The bottom-mounted speakers on the M11x R3 got plenty loud when we streamed "Otherside" from The Red Hot Chili Peppers. Unfortunately, because the two bottom-mounted speakers are so close to each other (the right side speaker is actually in the middle), the audio has a flat, monotone quality that reminded us of a clock radio. However, turning on the Waves MaxxAudio setting helped a little. We could further tweak the sound using different presets for movies, music, voice, and gaming. You can also fine-tune the audio using the built-in equalizer.
The Alienware M11x stayed reasonably cool throughout our testing. After we streamed video at full screen for 15 minutes, the keyboard measured a chilly 85 degrees Fahrenheit, the touchpad a reasonable 92 degrees, and the bottom an acceptable 97 degrees. We consider temperatures below 95 degrees comfortable for the top surface of a notebook, with temps around 100 common for the bottom surface.
Ports and Webcam
For an 11.6-inch notebook, the Alienware M11x R3 has its fair share of interesting ports. On the right side are two different headphone jacks, a microphone jack, and two USB 3.0 ports. On the left side are DisplayPort, HDMI out, Ethernet, and FireWire ports, along with an SD card reader, a microSD card reader, and a USB 2.0 port.
The 2-megapixel HD webcam offered bright, sharp images even in low-light situations. Whether we were standing in front of the office window with sunlight streaming, sitting in our cubicle with overhead fluorescent light, or taking pictures in our dimly lit living room, our face appeared even brighter than the light in the room. When we conducted a Skype call in a shadowy area of our house, even fine details of our face were visible.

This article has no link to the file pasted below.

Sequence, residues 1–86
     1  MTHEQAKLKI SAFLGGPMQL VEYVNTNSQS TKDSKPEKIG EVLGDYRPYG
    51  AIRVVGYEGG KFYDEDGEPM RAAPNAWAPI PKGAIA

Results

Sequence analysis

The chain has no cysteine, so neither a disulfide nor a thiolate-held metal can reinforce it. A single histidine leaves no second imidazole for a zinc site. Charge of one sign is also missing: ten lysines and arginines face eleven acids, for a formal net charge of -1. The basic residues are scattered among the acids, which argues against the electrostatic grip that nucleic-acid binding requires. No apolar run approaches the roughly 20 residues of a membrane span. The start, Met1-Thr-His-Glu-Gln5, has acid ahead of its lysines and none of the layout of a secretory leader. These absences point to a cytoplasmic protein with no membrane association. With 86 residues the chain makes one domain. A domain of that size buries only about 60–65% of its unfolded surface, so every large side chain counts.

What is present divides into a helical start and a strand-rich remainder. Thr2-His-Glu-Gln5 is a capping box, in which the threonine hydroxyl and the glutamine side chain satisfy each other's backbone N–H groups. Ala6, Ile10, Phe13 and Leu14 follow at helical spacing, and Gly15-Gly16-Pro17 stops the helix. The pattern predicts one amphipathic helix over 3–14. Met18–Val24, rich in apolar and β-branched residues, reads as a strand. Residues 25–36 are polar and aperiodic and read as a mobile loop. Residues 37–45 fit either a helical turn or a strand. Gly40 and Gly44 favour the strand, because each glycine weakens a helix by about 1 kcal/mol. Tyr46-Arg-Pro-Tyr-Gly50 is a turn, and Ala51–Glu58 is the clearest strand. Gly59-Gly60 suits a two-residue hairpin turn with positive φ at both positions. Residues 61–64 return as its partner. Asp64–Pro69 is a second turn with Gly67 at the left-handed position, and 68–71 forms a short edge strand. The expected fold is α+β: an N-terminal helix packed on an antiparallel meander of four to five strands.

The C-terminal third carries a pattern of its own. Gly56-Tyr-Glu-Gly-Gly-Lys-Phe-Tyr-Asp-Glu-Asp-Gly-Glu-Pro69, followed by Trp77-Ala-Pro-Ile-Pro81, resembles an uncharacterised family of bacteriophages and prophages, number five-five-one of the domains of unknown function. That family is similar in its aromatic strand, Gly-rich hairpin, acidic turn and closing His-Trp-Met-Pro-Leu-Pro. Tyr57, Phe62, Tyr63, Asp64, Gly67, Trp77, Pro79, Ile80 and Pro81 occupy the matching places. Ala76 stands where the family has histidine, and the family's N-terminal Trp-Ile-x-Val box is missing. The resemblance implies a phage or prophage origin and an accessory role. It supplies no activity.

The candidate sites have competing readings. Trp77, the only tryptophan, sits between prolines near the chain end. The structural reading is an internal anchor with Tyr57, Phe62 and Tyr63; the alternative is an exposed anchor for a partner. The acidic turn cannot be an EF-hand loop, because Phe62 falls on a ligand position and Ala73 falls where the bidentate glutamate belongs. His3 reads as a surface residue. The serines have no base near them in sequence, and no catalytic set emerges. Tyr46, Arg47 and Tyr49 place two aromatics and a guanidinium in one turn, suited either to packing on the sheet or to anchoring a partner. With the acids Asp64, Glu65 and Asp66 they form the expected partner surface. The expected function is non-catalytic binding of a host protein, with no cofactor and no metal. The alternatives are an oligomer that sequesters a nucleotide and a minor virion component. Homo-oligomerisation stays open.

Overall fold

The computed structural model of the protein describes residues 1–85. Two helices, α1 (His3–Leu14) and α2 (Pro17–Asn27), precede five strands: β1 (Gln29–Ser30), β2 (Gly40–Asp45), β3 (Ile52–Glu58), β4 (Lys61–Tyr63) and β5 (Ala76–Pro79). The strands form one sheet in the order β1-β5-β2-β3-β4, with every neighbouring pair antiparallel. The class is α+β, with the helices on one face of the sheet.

With its 1.4-GHz Intel 2nd Generation Core i5-2537M CPU, Nvidia GT 540M GPU, and 7,200-rpm hard drive, the Alienware M11x R3 packs enough punch to handle serious games, full HD video, and plenty of productivity tasks. On PCMark Vantage, a synthetic benchmark which measures overall system performance, the M11x scored a solid 5,742. That showing is slightly higher than the thin-and-light notebook category average of 5,584 and the 2.5-GHz Core i3-powered ASUS U31JG-A1. The slightly more expensive Core i7-powered ASUS G53SW managed a whopping 8,470, but that's a 15-inch laptop.
The 500GB, 7,200 rpm Seagate hard drive booted Windows 7 Home Premium (64-bit) in a mediocre 66 seconds, about on a par with the 65-second category average. The drive took a speedy 2 minutes and 13 seconds to complete the LAPTOP File Transfer test, which involves copying 4.97GB of mixed-media files. That's a rate of 38.3 MBps, about 50 percent better than the 25.7 MBps category average.